Constructivity and Computability in Historical and Philosophical Perspective – DUBUCS; BOURDEAU (FU)

DUBUCS, J.; BOURDEAU, M. (Eds.). Constructivity and Computability in Historical and Philosophical Perspective. Dordrecht: Springer, 2014. (Series: Logic, Epistemology, and the Unity of Science). Resenha de: CARNIELLI1, Walter. Ser computável não é o mesmo que ser construtivo. Filosofia Unisinos, São Leopoldo, v.17, n.2, p.244-246, mai./ago., 2016

This book is a collection of essays focusing on the relationship between computability and constructivity. Taking into account the 80 years that have passed since Alan Turing’s seminal paper of 1936, the papers in the book examine two lines of development: on the one hand, the restrictions, generalizations and other modifications of the original Turing machines, resulting from the pressure that the notion of computability experienced from the explosive demand for applications, but also from encounters with concepts that are in principle stranger to Turing machines, such as Kolmogorov complexity and linear logic. On the other hand, some of the papers examine a more conceptual question, namely the interconnections between computability and constructivity. An especially important topic is whether the notion of computable function has to be taken as primitive, or can be founded on recursion theory.

Chapter 1, “Constructive Recursive Functions, Church’s Thesis, and Brouwers Theory of the Creating Subject: Afterthoughts on a Parisian Joint Session” by Göran Sundholm (p. 1-35) discusses the interdependence between recursive functions and constructivity, a topic that will also be examined in Chapter 6 by another author. It is argued that constructive functions cannot be replaced by recursive functions. Nonconstructive mathematics (apparently) fail to have a computational meaning. But what about the converse? Sundholm asks: “Is every function used in constructive mathematics recursive?” The answer has been negative since Heyting and Skolem: in constructivism, the primitive notion of a function cannot be replaced by that of a general recursive functions. The first part of this chapter explains why. A second topic discussed by Sundholm is the so-called Theory of the Creative Subject, which has already been called “provocative, attractive and dangerous” by A.S. Troelstra in his Principles of Intuitionism (1969).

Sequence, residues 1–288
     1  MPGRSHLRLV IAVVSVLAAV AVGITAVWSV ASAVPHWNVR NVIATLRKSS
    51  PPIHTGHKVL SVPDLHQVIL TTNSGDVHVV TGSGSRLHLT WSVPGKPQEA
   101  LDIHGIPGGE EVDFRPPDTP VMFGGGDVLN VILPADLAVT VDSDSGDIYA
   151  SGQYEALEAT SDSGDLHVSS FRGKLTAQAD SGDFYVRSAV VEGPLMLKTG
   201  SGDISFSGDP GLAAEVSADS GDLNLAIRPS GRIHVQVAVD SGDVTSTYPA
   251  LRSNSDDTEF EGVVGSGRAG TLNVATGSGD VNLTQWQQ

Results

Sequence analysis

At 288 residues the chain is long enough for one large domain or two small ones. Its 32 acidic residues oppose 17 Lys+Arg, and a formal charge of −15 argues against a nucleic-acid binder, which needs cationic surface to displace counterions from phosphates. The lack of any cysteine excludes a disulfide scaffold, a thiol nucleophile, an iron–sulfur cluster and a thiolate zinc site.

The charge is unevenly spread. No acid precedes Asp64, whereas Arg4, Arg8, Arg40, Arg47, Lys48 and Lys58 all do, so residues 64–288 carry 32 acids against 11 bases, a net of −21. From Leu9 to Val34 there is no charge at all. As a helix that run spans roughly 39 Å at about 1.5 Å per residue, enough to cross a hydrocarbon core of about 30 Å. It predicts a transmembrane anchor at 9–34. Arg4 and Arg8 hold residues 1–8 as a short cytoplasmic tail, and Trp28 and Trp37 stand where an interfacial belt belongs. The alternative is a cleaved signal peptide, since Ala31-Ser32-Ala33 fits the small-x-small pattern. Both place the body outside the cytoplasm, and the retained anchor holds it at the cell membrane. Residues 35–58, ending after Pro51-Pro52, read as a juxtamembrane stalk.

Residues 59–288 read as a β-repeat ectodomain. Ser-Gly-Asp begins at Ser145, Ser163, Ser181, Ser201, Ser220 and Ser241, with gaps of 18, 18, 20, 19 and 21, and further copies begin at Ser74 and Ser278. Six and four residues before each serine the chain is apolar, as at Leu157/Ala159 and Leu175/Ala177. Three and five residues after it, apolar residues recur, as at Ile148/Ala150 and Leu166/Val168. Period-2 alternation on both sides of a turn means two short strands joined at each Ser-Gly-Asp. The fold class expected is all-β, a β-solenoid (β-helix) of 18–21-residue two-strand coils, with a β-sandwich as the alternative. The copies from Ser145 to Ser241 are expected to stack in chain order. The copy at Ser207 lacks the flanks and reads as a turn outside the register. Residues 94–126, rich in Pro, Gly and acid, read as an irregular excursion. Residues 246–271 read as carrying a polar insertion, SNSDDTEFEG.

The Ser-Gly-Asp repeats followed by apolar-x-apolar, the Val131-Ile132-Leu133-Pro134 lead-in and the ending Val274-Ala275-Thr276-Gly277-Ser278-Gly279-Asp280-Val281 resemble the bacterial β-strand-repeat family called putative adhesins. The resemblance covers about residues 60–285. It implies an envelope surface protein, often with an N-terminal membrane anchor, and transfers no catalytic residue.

The Theory of the Creative Subject, controversial even within intuitionism, was proposed by Brower as a method of constructing counterexamples for classical theorems based on the activity of an idealized mathematician. It is well known that this method, in a version formulated by G. Kreisel and J. Myhill, can be reconstructed in a certain kind of Kripke model. By analyzing the controversy regarding the Theory of the Creative Subject, and the related Kripke’s Schema (which basically asserts for each statement A the existence of a sequence that witnesses the validity of A) Sundholm shows, in this dense paper, how Kripke’s Schema can be used as a replacement for the Theory of the Creative Subject, and how this theory can be proved to be classically consistent, despite some of its apparent paradoxical unfoldings.

Chapter 2, “The Developments of the Concept of Machine Computability from 1936 to the 1960s” by Jean Mosconi (p. 37-56) investigates the relation between computation and machines, explaining how Turing’s ideas were gradually adopted and conveniently modified, leading to a close model of contemporary computers. Although Mosconi emphasizes the notion of constructive objects and the general notion of an algorithm on the light of Turing machines, I think that the reader should also take into consideration an illuminating paper by E.G. Daylight (2015), which explains why a certain group of scholars somehow associated with the Association for Computing Machinery (ACM) became interested in Turing’s work and made him, in retrospect, ‘the father of computer science.’ It seems instructive to read this chapter keeping in mind the misleading conception that Turing’s ideas were immediately appreciated by people involved in computing, after his 1936 inception of Turing machines.